Music plays a very important role in helping our brains remember things. Consider famous TV shows and advertisements that you remember because someone sang the words to the theme music or jingle or simply hummed the tune. Therefore, the worst thing you can do is underestimate its importance when you are creating your own videos.
The real challenge comes when you try to decide which music is best for your video. There are various sites out there offering different forms of music, including those specifically listing huge and comprehensive catalogs and libraries of free music for videos.
To give you a little bit of help, if this is the predicament you find yourself in, we have put together three foolproof tips for choosing the best music for your videos to help make them unforgettable and engaging for your viewers, whatever their purpose is.
Choose an Appropriate Genre
One of the quickest ways to help establish a tone for a video is by deciding on the right genre of music you are going to use. You need to think about what the video is about and use a little common sense. For instance, if it is a video announcing a new line of baby products, blast beat-driven death metal is hardly an appropriate soundtrack. Neither is breezy indie-pop when you are trying to promote a serious health campaign.
You need to also think of your audience and what is likely to appeal to them. A great way to find inspiration is by watching other people’s videos who are saying or doing the same thing as you, or similar.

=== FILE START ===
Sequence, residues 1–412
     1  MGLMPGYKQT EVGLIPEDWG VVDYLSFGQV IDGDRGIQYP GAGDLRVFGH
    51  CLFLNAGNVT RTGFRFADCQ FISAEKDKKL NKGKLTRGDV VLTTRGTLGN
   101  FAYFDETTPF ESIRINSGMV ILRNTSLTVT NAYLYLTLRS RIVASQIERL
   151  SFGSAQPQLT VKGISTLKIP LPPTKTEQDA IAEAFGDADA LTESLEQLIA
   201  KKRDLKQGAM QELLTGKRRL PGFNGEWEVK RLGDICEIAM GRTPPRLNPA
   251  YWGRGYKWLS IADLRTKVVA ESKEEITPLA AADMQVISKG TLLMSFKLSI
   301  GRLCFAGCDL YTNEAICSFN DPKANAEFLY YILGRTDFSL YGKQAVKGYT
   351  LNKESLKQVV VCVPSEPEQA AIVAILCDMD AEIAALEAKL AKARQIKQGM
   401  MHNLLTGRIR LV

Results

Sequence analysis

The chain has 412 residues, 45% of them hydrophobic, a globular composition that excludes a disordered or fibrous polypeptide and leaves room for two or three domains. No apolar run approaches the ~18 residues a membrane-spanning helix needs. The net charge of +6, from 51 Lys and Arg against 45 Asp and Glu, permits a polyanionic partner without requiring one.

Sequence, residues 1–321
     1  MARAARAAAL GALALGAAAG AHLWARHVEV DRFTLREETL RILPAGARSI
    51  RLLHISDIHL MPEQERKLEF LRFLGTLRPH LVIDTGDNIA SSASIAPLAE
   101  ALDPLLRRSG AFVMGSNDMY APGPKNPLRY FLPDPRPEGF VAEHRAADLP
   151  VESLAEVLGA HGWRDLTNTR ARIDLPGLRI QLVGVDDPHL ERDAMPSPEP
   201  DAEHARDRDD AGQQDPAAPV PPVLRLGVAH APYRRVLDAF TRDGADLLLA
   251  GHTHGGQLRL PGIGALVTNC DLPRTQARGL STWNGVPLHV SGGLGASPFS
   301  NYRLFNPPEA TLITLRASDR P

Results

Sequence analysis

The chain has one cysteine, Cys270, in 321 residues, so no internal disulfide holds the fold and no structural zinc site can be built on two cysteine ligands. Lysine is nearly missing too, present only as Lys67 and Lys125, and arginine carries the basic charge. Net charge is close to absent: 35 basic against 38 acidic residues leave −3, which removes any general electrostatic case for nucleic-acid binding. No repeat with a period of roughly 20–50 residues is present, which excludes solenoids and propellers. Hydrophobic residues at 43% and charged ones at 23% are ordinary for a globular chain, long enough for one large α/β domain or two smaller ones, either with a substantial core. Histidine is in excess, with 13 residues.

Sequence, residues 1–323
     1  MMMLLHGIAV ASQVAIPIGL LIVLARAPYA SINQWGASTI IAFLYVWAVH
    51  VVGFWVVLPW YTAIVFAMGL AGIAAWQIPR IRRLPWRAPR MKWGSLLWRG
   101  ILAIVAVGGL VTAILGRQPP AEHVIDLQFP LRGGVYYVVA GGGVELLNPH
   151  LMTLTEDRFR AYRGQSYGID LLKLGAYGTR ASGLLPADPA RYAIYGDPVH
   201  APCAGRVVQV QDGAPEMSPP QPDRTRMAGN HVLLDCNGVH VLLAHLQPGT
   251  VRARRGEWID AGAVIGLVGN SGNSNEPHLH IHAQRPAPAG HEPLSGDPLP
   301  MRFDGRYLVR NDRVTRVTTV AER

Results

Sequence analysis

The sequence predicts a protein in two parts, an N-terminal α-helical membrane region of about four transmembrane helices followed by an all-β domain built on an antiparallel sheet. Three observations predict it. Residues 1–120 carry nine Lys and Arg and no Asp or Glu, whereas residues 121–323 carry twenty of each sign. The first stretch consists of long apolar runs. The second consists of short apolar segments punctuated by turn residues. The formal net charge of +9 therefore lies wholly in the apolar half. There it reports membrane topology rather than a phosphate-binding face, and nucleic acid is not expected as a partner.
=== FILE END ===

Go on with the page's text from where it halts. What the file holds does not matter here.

Match the Pace and Energy of Your Video Footage and Stills
Following on nicely from the above, it’s not just the sound of the music that you need to think carefully of, but also the speed and tempo. If you are editing together a high-octane showcase of recent daredevil stunts or extreme sports activities you’ve participated in, then a slow ballad is not going to provide the right energy for the video.
Likewise, you would hardly want to use a fast-paced rocker as the soundtrack of a time-lapsed video of a garden changing through the seasons.
Don’t Be Afraid to Mix Things Up a Little
Don’t try and find that one song that will help stitch everything in your video together, especially if it is a long-form affair covering a selection of different activities over a certain period. While it is effective to use one piece of music that has a lot of changes, finding one that is the right length and changes in the right way can be nigh on impossible.
Instead, don’t be afraid to use a few different songs. It makes sense if there is a thematic connection, whether it is the same genre or something else that ties them all together. If you still follow the first two tips, everything will slot into place perfectly.
The most important tip above and beyond these three is to enjoy it. It will only be a boring experience if you let it become one. The music is the icing on the cake and if you have put the hard work in and produced a video you are proud of; give it the soundtrack it deserves.